Nobel-winning economist Joseph Stiglitz is trying to change the national debate about the deficit, the role of government and the impact of those policies on the day-to-day economy.
Sometimes it’s easy for Indian country to ignore the huge challenges facing the United States. After all, there are so many immediate and intense issues on reservations and in tribal communities that the idea of adding another layer of concerns just seems too much.
A year after passage of national health care reform with the Patient Protection and Affordable Care Act (ACA or “Act”), the entire Act, including the many Indian-specific provisions within, is in danger of being taken away.
To the editor:
How profoundly disappointing it is to find out that the Department of the Interior has approved Cape Wind’s Construction and Operation Plan (COP); that the decision is not only being rushed through the approval process, but pushed forward without even a courtesy consultation with our Tribe before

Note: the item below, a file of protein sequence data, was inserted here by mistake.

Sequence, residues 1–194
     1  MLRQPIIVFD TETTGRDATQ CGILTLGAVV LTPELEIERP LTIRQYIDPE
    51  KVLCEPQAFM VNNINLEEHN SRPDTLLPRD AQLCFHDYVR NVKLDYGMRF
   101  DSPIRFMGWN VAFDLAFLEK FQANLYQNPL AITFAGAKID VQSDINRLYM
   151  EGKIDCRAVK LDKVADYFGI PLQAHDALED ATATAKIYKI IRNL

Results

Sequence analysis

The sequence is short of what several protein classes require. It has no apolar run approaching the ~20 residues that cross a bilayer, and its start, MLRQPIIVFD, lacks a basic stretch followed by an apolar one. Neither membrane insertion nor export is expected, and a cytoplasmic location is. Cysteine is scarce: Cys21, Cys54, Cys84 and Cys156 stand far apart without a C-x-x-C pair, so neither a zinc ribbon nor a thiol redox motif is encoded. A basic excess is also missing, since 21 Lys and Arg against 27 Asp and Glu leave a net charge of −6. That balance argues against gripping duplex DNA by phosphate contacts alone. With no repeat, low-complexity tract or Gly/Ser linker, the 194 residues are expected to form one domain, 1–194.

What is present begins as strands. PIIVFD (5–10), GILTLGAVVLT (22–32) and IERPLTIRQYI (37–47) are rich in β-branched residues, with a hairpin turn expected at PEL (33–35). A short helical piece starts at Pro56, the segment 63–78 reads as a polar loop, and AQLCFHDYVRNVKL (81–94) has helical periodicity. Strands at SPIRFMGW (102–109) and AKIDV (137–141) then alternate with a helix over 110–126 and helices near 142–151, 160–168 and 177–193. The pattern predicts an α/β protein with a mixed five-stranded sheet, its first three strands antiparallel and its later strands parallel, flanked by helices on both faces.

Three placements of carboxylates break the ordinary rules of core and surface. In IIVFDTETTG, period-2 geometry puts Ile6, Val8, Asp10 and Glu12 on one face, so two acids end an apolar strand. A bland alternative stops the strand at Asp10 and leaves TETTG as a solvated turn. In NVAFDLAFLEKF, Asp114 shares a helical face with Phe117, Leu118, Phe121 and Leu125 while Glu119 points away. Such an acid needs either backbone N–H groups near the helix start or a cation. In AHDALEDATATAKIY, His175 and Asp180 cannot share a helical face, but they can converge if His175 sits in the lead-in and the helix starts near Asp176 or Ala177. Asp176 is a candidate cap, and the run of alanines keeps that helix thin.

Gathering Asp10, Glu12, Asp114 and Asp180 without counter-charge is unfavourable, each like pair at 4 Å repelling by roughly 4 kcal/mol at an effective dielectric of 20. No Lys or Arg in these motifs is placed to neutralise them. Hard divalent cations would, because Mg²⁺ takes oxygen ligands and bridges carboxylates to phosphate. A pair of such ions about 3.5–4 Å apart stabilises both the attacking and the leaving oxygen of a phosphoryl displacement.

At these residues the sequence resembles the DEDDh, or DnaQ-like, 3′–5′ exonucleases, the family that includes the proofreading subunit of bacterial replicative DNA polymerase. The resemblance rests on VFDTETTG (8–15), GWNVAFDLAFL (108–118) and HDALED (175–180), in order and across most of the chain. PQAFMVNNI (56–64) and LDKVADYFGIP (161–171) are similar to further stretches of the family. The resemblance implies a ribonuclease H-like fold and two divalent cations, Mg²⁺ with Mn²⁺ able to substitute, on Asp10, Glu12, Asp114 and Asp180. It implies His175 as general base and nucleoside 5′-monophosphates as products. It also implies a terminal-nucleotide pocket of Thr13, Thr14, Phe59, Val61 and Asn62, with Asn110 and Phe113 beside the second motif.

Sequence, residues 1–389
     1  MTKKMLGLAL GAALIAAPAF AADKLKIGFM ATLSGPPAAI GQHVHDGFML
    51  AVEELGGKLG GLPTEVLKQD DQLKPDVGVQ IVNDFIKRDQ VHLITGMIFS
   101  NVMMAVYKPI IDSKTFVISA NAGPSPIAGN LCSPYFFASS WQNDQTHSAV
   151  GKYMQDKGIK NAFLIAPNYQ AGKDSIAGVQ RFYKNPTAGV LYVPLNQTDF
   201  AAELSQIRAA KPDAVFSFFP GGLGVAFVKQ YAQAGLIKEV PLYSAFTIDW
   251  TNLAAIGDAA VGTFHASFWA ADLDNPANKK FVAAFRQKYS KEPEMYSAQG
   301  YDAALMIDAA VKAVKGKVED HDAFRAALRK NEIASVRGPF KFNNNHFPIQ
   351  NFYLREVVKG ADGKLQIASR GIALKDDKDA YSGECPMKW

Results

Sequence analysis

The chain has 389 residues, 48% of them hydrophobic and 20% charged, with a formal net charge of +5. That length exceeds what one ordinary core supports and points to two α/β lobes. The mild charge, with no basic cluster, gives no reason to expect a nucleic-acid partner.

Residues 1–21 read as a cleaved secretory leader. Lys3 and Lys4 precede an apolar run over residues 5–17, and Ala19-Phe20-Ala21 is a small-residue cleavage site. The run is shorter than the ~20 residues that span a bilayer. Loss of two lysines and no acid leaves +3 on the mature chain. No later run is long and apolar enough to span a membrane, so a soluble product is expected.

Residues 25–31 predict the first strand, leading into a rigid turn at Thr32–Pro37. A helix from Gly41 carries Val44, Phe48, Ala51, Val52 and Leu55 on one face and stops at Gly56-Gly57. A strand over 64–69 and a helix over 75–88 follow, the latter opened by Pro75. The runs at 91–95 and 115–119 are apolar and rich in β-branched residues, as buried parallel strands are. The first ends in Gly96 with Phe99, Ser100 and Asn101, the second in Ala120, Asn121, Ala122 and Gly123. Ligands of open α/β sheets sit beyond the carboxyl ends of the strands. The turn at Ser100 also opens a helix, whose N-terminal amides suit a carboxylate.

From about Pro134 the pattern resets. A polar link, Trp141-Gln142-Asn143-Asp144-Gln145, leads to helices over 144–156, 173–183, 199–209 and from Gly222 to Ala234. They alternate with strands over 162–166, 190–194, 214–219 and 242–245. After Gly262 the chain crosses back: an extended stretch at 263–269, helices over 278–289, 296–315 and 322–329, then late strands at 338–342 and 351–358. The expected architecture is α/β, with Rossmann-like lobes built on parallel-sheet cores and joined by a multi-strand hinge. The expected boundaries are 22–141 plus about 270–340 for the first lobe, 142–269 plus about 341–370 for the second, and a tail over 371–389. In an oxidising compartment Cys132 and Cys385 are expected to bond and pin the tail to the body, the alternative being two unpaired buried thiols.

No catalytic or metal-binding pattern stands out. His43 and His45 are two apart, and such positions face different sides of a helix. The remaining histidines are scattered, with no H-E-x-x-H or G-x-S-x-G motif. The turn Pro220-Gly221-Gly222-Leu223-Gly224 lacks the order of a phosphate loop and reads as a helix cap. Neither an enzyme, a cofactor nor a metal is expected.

Tall tales are fun. Most of us love the story about the day we scored perfect on a test, caught the biggest fish or won a bunch of cash at the casino.
Congress, American presidents, the United States Supreme Court, and the States have all, in many varied ways, given recognition to Native American tribes as sovereign entities. Sovereign tribal authority is inherent to Indian tribes and pre-dates any other form of law in this country.
About 24 years ago, Congress passed the Indian Gaming Regulatory Act in response to our victory in the Cabazon case before the U.S. Supreme Court. We suddenly had a vehicle by which to perhaps find peace and security for our people. The IGRA is in effect another treaty with the U.S.
Recently on the Fox News Channel, contributor John Stossel offered up this gem of ignorance:
Thanks to the budget-cutting fervor sweeping Capitol Hill, the Public Telecommunication Facilities Program could be zeroed out this year.
In recent months, the Obama Administration has shifted its focus from stabilizing the economy to creating jobs.
The national budget debate is multi-directional. Most of the story, so far, has centered on this year’s federal spending, basically how to strip dollars from a fiscal year that’s roughly half over. Then, there is the fight over next year’s budget, the one that is supposed to start on October 1.
An Old Joke Being Played on Indian Country, Again
Disbelief. Frustration. Anger.